The Case for Greater UK Consistency on Human Rights

As most statements of foreign and development policy tend to, recent UK Government policy statements such as the International Development White Paper have identified the promotion of human rights as a key priority for the UK. However, recent domestic legislation such as the 2023 Public Order Act, which places limitations on the right to protest, and the 2023 Illegal Migration Act, which has drawn criticism from international partners such the UN Refugee Agency, threaten to undermine this.

A spotless domestic human rights record cannot reasonably be seen as a requirement to raise human rights concerns in other countries and regions. However, with its recent shifts the UK is, at best, acutely vulnerable to accusations of hypocrisy in its human rights work when it is actively working in contravention to the human rights rules and norms it vocally champions. At worst, it risks providing inadvertent support to authoritarian actors who are working to redefine and undermine the global human rights order.

Human rights agreements and treaties form a core part of the rules that have shaped the world since the end of the Second World War. While for many this longevity may be a cause for support and celebration, for others it appears to be a reason for criticism. The UK Foreign Secretary, Lord Cameron, while defending the Government’s plans to ‘offshore’ asylum seekers to Rwanda, said that “things like the [1951] refugee convention were written for another age”. Later, in the same debate, Lord Cameron said “one of the reasons for supporting a rules-based order is that it enables you to call out other countries when they fail to live up to it,” in relation to Hong Kong.

The idea that the current human rights rules are outdated is central to the foreign policy of the People’s Republic of China (PRC), a country whose actions the UK Government has described as an “epoch-defining and systemic challenge”. The PRC is currently engaged in a long-term project to replace the conception of rights as universal and unbending with a view that instead emphasises sovereignty and a state-individualised model of rights. A statement from the PRC at the 52nd session of the UN Human Rights Council stated that China has found “a path of human rights development that meets the trend of the times and suits its national condition”. In March 2023, “Beijing introduced the Global Civilization Initiative (GCI),” which, according to analysts at the Atlantic Council, “promotes a state-focused and state-defined values system and marks another effort by Beijing to eliminate universal values in areas such as human rights and democracy”.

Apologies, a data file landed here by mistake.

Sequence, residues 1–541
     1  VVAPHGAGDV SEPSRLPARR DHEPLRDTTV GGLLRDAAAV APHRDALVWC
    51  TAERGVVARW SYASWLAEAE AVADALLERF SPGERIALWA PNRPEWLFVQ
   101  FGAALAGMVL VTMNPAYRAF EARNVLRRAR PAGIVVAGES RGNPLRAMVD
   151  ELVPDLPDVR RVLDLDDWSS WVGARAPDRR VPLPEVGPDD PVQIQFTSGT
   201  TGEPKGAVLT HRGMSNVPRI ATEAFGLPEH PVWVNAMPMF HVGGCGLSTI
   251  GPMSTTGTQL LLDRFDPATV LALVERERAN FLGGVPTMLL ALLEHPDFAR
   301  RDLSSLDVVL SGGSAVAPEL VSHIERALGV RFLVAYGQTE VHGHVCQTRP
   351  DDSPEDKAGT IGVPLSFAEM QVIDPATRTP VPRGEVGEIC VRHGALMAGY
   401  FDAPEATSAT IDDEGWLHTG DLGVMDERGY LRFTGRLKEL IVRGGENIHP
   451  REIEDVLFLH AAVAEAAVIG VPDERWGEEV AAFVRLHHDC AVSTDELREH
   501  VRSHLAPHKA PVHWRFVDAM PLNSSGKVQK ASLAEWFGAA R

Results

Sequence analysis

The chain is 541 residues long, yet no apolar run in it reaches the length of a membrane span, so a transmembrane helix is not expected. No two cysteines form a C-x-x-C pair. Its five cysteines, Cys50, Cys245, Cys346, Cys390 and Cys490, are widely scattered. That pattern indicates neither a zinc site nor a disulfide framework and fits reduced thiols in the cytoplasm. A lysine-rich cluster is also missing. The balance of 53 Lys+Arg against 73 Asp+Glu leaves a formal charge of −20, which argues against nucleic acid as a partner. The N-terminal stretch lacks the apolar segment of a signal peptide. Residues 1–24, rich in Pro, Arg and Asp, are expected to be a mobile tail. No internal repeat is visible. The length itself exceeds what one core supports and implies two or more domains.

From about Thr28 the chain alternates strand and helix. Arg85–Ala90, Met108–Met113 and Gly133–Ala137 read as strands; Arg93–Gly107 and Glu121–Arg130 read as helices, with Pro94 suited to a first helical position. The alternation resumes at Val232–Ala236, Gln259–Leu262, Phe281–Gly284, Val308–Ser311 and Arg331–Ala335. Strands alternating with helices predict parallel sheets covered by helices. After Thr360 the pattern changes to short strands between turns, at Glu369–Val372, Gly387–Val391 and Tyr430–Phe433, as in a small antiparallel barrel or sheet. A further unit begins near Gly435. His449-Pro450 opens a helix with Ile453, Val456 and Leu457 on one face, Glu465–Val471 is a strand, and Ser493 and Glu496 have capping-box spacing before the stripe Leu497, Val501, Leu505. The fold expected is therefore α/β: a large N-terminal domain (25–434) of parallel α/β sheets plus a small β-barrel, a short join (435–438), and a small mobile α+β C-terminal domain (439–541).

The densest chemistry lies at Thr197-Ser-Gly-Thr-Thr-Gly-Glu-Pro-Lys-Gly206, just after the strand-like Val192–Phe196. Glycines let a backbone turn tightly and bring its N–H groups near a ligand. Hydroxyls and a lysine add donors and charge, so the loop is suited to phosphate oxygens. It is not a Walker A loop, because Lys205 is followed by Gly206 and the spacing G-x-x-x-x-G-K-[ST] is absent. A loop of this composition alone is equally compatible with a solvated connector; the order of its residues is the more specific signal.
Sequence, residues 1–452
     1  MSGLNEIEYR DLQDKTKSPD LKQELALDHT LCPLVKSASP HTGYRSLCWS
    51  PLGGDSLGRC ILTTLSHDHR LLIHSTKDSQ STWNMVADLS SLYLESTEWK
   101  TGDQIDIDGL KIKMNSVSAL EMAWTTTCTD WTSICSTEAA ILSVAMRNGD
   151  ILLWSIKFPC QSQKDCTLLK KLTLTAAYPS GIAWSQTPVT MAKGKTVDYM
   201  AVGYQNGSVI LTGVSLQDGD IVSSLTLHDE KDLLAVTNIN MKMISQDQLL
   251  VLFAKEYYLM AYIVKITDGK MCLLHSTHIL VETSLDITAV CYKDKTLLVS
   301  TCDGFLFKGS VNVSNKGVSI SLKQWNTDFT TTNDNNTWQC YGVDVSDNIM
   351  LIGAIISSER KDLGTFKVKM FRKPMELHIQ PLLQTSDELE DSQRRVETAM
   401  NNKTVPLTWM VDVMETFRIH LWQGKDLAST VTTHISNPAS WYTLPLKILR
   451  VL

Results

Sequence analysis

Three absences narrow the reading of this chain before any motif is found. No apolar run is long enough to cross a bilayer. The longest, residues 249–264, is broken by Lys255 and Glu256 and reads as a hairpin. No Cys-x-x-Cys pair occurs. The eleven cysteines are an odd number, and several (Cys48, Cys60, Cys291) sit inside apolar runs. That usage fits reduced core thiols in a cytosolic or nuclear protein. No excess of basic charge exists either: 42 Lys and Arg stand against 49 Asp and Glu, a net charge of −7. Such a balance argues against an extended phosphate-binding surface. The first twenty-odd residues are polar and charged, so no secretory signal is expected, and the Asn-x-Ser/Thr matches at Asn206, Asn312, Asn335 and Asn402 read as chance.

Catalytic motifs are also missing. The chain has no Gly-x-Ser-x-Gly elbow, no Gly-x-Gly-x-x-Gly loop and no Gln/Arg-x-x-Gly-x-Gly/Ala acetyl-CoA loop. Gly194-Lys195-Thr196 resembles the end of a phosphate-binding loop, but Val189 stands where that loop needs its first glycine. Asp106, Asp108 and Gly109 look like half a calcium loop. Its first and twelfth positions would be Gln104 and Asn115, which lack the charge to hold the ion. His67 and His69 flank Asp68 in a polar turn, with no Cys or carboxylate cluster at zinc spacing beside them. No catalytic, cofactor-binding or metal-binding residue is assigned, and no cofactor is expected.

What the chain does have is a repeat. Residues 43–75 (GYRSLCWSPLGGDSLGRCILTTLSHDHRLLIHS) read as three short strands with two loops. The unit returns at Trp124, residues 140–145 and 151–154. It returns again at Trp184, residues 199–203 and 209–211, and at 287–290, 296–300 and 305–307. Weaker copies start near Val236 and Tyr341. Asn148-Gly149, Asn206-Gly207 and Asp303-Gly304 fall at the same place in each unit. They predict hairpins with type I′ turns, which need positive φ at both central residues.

Authoritarian states are working to reshape the international human rights ecosystem and violations are ever more brazen and open. The UK is rhetorically condemning and combating these moves, while simultaneously implementing legislation and policy that has faced widespread criticism for eroding and undermining rights at home.